simonmar authored
      Merge the eval-apply-branch on to the HEAD
      ------------------------------------------
      
      This is a change to GHC's evaluation model in order to ultimately make
      GHC more portable and to reduce complexity in some areas.
      
      At some point we'll update the commentary to describe the new state of
      the RTS.  Pending that, the highlights of this change are:
      
        - No more Su.  The Su register is gone, update frames are one
          word smaller.
      
        - Slow-entry points and arg checks are gone.  Unknown function calls
          are handled by automatically-generated RTS entry points (AutoApply.hc,
          generated by the program in utils/genapply).
      
        - The stack layout is stricter: there are no "pending arguments" on
          the stack any more, the stack is always strictly a sequence of
          stack frames.
      
          This means that there's no need for LOOKS_LIKE_GHC_INFO() or
          LOOKS_LIKE_STATIC_CLOSURE() any more, and GHC doesn't need to know
          how to find the boundary between the text and data segments (BIG WIN!).
      
        - A couple of nasty hacks in the mangler caused by the neet to
          identify closure ptrs vs. info tables have gone away.
      
        - Info tables are a bit more complicated.  See InfoTables.h for the
          details.
      
        - As a side effect, GHCi can now deal with polymorphic seq.  Some bugs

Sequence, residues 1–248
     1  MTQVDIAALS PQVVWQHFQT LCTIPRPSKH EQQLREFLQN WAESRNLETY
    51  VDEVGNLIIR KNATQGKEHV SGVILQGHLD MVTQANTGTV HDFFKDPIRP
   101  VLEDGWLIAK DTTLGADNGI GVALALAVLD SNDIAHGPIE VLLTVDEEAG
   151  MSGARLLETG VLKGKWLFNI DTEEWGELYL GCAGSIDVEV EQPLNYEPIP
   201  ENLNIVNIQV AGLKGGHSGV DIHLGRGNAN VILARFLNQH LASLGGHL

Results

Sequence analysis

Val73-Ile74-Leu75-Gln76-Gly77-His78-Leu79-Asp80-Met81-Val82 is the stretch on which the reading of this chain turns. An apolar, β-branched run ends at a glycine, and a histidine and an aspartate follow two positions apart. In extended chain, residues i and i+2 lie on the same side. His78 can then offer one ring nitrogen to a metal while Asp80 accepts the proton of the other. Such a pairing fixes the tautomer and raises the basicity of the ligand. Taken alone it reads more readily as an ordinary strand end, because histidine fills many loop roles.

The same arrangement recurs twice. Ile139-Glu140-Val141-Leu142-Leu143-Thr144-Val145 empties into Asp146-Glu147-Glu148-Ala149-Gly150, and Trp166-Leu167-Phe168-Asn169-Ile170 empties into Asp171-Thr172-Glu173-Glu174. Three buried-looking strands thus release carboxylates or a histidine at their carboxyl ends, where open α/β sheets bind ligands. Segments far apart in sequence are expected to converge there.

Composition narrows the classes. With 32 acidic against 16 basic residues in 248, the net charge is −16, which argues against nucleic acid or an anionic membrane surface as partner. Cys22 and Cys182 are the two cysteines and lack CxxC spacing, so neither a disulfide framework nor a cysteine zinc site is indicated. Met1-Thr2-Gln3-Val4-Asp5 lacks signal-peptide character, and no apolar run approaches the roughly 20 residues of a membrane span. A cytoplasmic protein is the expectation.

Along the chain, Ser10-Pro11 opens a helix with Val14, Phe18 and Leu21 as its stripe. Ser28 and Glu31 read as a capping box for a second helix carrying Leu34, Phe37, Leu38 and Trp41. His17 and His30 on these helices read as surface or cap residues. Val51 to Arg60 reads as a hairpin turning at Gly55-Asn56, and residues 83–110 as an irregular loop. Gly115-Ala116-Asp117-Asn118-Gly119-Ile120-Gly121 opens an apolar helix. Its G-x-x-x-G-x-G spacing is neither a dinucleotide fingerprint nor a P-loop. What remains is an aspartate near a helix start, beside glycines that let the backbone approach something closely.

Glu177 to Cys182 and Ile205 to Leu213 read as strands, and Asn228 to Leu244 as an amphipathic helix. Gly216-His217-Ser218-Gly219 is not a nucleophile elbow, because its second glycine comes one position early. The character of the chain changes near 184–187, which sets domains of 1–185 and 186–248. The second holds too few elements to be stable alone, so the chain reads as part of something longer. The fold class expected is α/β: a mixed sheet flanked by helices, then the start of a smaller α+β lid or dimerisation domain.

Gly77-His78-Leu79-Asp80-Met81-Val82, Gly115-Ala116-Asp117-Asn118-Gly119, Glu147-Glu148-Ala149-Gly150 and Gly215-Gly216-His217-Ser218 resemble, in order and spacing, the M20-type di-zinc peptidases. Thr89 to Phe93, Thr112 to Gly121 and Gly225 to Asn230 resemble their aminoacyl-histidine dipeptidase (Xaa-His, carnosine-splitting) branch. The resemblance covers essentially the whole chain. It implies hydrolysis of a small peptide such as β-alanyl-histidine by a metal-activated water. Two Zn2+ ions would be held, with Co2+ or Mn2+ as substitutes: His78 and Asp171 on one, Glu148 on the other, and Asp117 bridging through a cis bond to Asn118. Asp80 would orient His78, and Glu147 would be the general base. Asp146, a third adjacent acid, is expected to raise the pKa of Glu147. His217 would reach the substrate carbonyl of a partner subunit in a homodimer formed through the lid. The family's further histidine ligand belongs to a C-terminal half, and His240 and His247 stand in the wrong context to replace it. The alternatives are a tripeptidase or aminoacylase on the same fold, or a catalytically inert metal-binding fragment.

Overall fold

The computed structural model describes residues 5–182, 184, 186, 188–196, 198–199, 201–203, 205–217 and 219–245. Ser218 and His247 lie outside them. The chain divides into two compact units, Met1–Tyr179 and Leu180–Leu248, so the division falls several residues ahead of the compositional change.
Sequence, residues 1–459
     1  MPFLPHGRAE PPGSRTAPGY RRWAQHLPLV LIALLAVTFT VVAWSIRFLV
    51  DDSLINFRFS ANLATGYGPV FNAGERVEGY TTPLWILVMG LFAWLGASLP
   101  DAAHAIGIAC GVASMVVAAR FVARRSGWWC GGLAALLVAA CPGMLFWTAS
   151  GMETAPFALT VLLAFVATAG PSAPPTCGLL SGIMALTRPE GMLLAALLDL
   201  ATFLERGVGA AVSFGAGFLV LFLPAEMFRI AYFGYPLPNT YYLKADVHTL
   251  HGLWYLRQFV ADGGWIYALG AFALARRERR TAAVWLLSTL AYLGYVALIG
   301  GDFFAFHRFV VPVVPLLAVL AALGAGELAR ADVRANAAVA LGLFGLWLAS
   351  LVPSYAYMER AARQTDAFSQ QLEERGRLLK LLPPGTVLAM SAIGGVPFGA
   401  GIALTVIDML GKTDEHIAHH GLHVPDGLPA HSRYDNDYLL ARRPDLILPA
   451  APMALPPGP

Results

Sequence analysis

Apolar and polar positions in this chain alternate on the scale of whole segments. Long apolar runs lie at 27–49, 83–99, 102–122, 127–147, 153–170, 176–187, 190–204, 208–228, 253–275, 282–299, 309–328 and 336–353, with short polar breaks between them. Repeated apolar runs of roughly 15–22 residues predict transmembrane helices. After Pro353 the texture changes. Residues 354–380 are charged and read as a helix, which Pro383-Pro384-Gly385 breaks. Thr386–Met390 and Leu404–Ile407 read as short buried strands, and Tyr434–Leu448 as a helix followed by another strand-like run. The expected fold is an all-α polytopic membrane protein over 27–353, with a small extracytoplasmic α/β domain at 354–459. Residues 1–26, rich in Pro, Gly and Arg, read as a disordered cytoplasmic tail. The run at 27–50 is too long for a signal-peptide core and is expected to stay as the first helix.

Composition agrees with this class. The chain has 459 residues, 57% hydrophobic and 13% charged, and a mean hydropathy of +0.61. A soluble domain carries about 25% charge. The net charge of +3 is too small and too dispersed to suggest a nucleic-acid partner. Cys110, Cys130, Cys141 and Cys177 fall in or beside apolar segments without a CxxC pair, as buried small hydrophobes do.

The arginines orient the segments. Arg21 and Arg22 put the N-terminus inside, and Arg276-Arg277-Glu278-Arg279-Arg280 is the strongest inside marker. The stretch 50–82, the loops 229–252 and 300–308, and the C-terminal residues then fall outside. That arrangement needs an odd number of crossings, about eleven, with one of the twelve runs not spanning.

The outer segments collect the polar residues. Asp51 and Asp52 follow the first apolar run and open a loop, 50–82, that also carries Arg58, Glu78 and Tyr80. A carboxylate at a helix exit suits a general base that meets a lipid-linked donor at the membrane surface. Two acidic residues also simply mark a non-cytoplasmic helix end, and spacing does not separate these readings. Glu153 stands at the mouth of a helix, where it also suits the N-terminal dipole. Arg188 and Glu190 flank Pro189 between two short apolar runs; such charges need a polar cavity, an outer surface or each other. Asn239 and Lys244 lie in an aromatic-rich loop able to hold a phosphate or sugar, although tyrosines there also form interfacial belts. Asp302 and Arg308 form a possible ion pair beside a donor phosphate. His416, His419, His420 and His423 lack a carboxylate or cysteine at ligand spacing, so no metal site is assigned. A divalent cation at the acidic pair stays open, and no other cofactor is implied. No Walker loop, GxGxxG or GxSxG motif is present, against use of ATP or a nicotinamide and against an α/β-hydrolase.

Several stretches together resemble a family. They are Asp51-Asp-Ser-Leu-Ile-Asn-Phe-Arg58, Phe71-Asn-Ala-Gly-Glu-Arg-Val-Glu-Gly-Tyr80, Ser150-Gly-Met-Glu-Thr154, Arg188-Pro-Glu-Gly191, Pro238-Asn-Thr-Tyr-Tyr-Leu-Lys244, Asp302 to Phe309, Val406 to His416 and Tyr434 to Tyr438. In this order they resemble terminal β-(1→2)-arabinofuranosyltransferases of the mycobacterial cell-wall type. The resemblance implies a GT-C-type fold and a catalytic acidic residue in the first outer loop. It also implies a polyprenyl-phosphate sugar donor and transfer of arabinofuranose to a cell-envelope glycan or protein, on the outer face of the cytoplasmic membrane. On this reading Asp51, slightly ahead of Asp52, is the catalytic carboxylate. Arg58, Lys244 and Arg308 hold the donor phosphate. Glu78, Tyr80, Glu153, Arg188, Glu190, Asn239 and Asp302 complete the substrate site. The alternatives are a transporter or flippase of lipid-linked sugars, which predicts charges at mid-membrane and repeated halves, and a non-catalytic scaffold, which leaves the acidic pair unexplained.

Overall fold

in GHCi which affected primitives and unboxed tuples are now
          fixed.
      
        - Binary sizes are reduced by about 7% on x86.  Performance is roughly
          similar, some programs get faster while some get slower.  I've seen
          GHCi perform worse on some examples, but haven't investigated
          further yet (GHCi performance *should* be about the same or better
          in theory).
      
        - Internally the code generator is rather better organised.  I've moved
          info-table generation from the NCG into the main codeGen where it is
          shared with the C back-end; info tables are now emitted as arrays
          of words in both back-ends.  The NCG is one step closer to being able
          to support profiling.
      
      This has all been fairly thoroughly tested, but no doubt I've messed
      up the commit in some way.
      0bffc410
  33. 01 Nov, 2002 1 commit
    • simonmar's avatar
      [project @ 2002-11-01 11:05:46 by simonmar] · 6226441f
      simonmar authored
      Fix the heapCensus crash.
      
      It turned out that after a GC, the small_alloc_list might be non-empty
      if a new finalizer thread had been started.  The last block on
      small_alloc_list doesn't have the free pointer set correctly (as a
      small optimisation, we don't normally set the free pointer after each
      allocation, only when the block is full).  The result was that the
      free pointer contains the wrong value, and the heap census traverses
      garbage.  The fix is to set the free pointer correctly before
      traversing small_alloc_list.
      
      The bug doesn't show up when DEBUG is on, because extra DEBUG checks
      cause the free pointer to be initialised to a sensible(-ish) value.
      Hence my difficulty in reproducing the bug.
      
      To reproduce: compile ghc-regress/lib/should_run/memo002 with
      profiling and run it with a sufficiently small sample interval (-i0.02
      did it for me).
      
      Thanks to the kind folks at ARM for helping out with the debugging of
      this one.
      
      MERGE TO STABLE
      6226441f
  34. 15 Oct, 2002 1 commit